It sounds like a plot out of a summer spy movie, but security researcher Thomas Ryan tested what would happen when posting a fake profile of a real-life Abby Scuito. The results? Over 300 “friends” in the military, information security, and intelligence fields, a few job offers, and invitations to security conferences.
Ryan, the co-founder of Provide Security, said the goal of the study was to determine how effective social networking sites like Facebook, Twitter, and LinkedIn would be as tools in covert intelligence-gathering activities. He crafted “Robin Sage”, a 25 year old Navy cyber threat analyst who graduated from MIT. Even though the profile had some red flags, like a 25 year old having “10 years experience,” it took less than a month to make connections with many in security related fields. Virtual friends shared photos, personal information, invited Robin to conferences, and a few even expressed interest in hiring her.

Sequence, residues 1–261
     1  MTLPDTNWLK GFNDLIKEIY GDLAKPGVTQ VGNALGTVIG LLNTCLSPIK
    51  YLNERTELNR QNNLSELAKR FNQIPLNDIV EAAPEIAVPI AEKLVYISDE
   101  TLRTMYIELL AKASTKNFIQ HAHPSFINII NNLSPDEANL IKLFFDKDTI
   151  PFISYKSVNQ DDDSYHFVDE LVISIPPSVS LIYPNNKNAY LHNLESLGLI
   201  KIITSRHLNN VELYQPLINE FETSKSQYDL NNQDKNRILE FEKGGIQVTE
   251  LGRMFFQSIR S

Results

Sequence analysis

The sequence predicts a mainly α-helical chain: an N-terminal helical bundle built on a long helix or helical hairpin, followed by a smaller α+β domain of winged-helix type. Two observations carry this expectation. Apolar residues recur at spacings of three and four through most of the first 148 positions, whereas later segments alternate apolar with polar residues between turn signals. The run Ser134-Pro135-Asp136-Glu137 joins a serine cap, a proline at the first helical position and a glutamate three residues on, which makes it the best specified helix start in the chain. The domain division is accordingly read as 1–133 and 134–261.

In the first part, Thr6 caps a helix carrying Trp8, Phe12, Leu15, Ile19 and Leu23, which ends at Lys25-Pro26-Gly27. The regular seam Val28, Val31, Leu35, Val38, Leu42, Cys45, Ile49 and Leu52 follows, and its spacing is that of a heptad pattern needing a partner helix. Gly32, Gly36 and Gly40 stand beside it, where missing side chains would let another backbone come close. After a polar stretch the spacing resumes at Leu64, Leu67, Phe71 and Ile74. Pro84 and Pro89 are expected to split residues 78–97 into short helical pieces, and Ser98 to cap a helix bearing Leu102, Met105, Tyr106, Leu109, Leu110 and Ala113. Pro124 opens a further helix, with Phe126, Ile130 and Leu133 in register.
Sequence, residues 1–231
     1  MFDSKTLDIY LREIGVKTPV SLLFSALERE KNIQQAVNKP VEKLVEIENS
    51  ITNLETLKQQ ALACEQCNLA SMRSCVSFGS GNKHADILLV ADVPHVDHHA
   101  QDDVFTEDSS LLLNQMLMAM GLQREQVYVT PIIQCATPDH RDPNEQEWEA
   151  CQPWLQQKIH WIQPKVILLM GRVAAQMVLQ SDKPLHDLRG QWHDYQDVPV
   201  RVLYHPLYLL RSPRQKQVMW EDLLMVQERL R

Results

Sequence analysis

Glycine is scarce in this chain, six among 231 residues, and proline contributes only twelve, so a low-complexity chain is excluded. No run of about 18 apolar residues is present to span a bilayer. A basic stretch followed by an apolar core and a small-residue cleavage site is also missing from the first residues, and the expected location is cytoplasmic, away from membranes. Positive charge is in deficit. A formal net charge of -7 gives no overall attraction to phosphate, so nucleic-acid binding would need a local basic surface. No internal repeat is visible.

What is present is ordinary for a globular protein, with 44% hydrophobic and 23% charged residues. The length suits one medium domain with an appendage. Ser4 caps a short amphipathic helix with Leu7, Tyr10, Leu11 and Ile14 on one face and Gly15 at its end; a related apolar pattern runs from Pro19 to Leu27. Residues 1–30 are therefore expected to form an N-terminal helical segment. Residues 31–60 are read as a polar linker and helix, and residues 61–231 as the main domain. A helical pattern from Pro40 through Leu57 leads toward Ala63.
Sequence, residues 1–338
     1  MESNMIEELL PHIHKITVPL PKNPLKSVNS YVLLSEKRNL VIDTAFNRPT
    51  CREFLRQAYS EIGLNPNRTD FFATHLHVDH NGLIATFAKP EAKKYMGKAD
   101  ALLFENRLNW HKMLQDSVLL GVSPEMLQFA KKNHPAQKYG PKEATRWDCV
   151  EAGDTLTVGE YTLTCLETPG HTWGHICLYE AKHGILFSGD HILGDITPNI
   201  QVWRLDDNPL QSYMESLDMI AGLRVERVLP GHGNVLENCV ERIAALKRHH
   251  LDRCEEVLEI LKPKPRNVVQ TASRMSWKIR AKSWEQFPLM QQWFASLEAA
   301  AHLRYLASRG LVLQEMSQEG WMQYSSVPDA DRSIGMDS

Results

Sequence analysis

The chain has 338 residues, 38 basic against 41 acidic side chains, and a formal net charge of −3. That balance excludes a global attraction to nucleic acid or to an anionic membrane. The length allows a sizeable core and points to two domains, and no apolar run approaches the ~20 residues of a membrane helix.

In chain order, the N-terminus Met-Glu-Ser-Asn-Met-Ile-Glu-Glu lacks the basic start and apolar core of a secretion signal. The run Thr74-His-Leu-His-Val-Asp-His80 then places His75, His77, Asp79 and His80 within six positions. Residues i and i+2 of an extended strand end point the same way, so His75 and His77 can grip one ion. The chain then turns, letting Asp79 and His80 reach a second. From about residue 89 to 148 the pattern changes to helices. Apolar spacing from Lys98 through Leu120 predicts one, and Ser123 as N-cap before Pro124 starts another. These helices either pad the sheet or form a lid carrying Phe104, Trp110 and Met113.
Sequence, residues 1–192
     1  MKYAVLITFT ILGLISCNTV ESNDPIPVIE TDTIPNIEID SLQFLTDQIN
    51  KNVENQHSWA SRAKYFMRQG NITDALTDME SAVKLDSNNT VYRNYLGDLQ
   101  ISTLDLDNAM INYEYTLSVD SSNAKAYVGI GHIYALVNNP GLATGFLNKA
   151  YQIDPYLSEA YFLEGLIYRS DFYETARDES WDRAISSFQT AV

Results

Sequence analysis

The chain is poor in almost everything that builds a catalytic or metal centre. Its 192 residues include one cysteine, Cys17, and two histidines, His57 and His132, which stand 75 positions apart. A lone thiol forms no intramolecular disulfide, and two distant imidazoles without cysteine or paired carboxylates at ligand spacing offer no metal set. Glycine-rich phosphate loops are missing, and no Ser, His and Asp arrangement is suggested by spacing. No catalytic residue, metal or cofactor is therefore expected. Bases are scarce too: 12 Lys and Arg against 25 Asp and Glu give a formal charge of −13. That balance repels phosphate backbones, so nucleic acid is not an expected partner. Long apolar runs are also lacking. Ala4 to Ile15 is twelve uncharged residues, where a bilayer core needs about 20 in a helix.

If Robin were a foreign agent, she would have had access to a lot of very useful information, said Ryan, who is scheduled to present his findings at the upcoming BlackHat security conference in Las Vegas.
Even if you are not in the spy game, what can you learn from this?
- Like your momma said, “If it sounds too good to be true, it usually is.”
- If you don’t know them, don’t friend them.
- Always be mindful of how information posted online could be used against you by identity thieves. For example, how many answers to your security questions for your bank account can be gathered from your Facebook profile?
Social networking has the potential to bring friends together regardless of distance, just be careful who you invite to the party.
Article Inspiration: CIO.com – Fake ‘Femme Fatale’ Shows Social Network Risks